Tips to Get the Most From Your Insurance

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Insurance coverage is a powerful tool when consumers face devastating losses. Being smart about how you buy and use insurance can help you get the most for your money. The following tips can help.

  1. Think twice before filing small claims. Submitting claims that exceed the deductible by only a few hundred dollars may increase your premiums down the road and ultimately cost more than the repair would have cost out of pocket.
  2. Buy the right amount of coverage. Be sure your coverage is adequate, but not excessive. Insurance policy limits should be revisited every year. You may need to update your homeowners coverage whenever you make major purchases or remodel your home. On the other hand, some of your personal belongings may decrease in value over time, requiring less coverage. It's a good idea to update your home inventory annually and check for possible savings. With auto insurance, consider dropping collision or comprehensive coverage on older cars if their decreased value makes the coverage no longer cost-effective.
  3. Increase the deductible. Raising the deductible by a few hundred dollars can result in a significant decrease in your premium. Deductibles often start at $250. By raising the deductible to $1,000, you may save nearly 25% on homeowners premiums and 40% on collision and comprehensive coverage for your car.*
  4. Look for safety discounts. You may be able to lower your homeowners premium if your home has safety features such as dead-bolt locks, smoke detectors, an alarm system, storm shutters or fire retardant roofing material. You may qualify for discounts on auto insurance if your car has features that reduce the risk of injuries or theft, such as air bags, anti-lock brakes, daytime running lights and anti-theft devices.
  5. Buy your home and auto policies from the same insurer. Some companies offer a discount for multiple policies.
  6. Maintain a good credit rating. California state law does not permit the use of credit score at this time, however if rules change in the future, paying bills on time can impact your insurance rates.
  7. Don't smoke. Cigarettes are the leading cause of residential fire death across the country and property losses total millions of dollars each year.** Because of this, insurers often charge lower premiums to smoke-free households.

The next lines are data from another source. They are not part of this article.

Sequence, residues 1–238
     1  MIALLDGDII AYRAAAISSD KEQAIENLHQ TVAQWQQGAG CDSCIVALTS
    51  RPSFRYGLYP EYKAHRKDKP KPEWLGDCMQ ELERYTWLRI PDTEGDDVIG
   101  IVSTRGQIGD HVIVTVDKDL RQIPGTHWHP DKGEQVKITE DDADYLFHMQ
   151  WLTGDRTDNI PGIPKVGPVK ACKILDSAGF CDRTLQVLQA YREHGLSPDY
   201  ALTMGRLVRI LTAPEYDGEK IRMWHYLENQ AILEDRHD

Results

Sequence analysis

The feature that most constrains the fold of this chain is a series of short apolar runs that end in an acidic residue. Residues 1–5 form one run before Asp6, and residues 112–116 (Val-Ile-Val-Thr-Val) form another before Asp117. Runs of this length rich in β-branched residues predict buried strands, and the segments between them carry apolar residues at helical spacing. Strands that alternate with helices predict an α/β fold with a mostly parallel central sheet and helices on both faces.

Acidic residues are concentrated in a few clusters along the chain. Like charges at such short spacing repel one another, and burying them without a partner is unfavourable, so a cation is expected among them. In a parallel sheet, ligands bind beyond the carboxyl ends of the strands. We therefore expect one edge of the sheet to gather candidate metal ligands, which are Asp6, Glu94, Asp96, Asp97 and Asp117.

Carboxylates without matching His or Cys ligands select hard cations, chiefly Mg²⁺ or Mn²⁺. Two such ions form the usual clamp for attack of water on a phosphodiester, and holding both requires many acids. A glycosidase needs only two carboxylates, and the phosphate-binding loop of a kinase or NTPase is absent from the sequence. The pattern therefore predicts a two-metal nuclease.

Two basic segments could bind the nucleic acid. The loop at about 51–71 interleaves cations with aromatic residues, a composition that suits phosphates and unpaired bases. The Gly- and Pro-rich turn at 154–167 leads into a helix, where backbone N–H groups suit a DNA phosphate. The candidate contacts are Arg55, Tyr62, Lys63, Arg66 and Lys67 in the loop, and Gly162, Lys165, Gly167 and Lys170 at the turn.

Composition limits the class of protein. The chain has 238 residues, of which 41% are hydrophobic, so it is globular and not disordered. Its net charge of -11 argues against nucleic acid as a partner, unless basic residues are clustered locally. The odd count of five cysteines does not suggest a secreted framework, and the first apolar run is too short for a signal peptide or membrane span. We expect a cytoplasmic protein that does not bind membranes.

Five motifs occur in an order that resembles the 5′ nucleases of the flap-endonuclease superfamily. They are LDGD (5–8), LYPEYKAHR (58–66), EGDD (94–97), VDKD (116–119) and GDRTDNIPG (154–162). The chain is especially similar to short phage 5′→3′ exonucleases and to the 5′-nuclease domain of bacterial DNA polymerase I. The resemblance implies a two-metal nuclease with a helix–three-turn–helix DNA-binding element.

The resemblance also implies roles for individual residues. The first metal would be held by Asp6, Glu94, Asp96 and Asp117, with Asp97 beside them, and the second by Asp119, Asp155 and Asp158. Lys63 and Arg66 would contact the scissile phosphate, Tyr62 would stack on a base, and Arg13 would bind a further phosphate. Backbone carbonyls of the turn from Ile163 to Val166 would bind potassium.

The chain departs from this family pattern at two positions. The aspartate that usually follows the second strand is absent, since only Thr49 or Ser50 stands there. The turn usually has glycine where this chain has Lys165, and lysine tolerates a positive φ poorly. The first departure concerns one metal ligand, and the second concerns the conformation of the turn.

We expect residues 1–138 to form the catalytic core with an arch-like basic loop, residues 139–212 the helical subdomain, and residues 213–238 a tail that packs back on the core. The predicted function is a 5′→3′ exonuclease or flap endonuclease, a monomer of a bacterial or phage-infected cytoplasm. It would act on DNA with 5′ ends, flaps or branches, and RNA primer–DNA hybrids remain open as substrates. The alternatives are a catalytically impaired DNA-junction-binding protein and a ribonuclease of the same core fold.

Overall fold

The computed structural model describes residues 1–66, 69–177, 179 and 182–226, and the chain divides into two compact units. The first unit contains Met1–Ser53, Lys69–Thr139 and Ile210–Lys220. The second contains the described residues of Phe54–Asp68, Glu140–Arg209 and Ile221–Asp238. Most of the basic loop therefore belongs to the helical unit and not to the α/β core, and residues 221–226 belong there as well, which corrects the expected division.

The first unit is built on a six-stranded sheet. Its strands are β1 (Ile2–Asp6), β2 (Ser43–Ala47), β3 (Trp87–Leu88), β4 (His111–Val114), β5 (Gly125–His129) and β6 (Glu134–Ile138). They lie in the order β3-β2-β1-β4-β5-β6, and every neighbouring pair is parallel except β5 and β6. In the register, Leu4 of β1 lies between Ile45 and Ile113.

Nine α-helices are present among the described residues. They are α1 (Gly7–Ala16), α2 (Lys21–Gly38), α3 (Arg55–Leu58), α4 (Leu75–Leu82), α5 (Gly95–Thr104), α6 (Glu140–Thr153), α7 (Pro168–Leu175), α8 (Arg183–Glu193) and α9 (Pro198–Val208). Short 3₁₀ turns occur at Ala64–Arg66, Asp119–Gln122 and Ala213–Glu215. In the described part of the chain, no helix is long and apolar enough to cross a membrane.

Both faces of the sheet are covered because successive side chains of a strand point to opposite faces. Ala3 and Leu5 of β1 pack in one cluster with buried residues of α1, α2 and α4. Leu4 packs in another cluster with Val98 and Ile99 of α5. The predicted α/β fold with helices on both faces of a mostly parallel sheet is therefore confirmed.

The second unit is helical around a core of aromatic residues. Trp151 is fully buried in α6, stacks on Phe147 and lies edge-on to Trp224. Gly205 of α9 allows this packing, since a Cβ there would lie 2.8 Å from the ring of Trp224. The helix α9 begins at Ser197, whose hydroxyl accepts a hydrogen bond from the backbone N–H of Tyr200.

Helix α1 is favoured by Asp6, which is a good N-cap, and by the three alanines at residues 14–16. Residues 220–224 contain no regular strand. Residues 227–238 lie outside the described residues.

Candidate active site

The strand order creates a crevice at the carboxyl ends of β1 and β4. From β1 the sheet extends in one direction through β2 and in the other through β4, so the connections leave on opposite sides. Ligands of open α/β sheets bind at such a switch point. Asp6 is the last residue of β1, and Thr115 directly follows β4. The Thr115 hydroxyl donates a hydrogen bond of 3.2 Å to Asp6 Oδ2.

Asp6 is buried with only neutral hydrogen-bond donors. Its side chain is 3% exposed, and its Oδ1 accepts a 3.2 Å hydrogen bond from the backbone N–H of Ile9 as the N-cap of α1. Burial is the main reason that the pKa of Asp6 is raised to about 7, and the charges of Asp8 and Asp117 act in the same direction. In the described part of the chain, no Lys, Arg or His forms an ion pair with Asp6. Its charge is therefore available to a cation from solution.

8. Don't use your cell phone while driving. Drivers who use cell phones are four times more likely to be in a crash while using a cell phone. This number is increasing as texting is becoming more popular with younger drivers.
    Studies are showing that there is no difference between the cognitive distraction between hand-held and hands-free devices and that 80% of crashes are related to driver inattention.
    Cell phone driving laws vary state-to-state.  The Governors Highway Safety Association's website can provide you the details for each state's driving law:
  9. Be loyal. Some companies reduce premiums for long-time policyholders.
  10. Ask about discounts. Many insurance companies offer discounts, but the types of discounts vary. An insurance representative can help you find the ones that apply in your situation – and even suggest steps you might take to qualify for further reductions.
  11. Attend traffic school.  A single traffic violation can add and average of $1,800 over three (3) years to a typical insurance policy. If you receive a violation, a court may refer you to a Traffic Violator School. However, California Vehicle Code Section 1808.7 mandates that only one citation in an eighteen (18) month period be masked from public view on your driving record.
  12. Turn to a trusted partner. Choose an insurance company you trust to help you get the coverage you need without paying more than you have to. Rely on their expert knowledge to help guide you to insurance coverage that fits your family's situation and provides peace of mind when the unexpected occurs.

CTA Auto and Home Insurance Program

It's good to shop around for auto insurance. CTA’s auto and home insurance program is offered through California Casualty. This program offers many exclusive benefits for CTA members. 

  • Auto coverage included a zero deductible for physical damage if your car has been vandalized, but now includes a zero deductible if someone hits your parked car at school, school administrative office, or an education association office. 
  • Homeowners coverage includes $0 deductible protection for your personal property used in the classroom and any fund raising money or goods while in your care at school.  The program also builds in Educators Excess Liability Coverage to give you an extra layer of classroom liability protection.
  • Convenient payment plan options include, credit card, and summer and holiday payment skip options to help with budgeting. 

For a quote or more information, call 1-866-680-5142 or visit

* Source: Insurance Information Institute,
**Source: Coalition for Fire-Safe Cigarettes,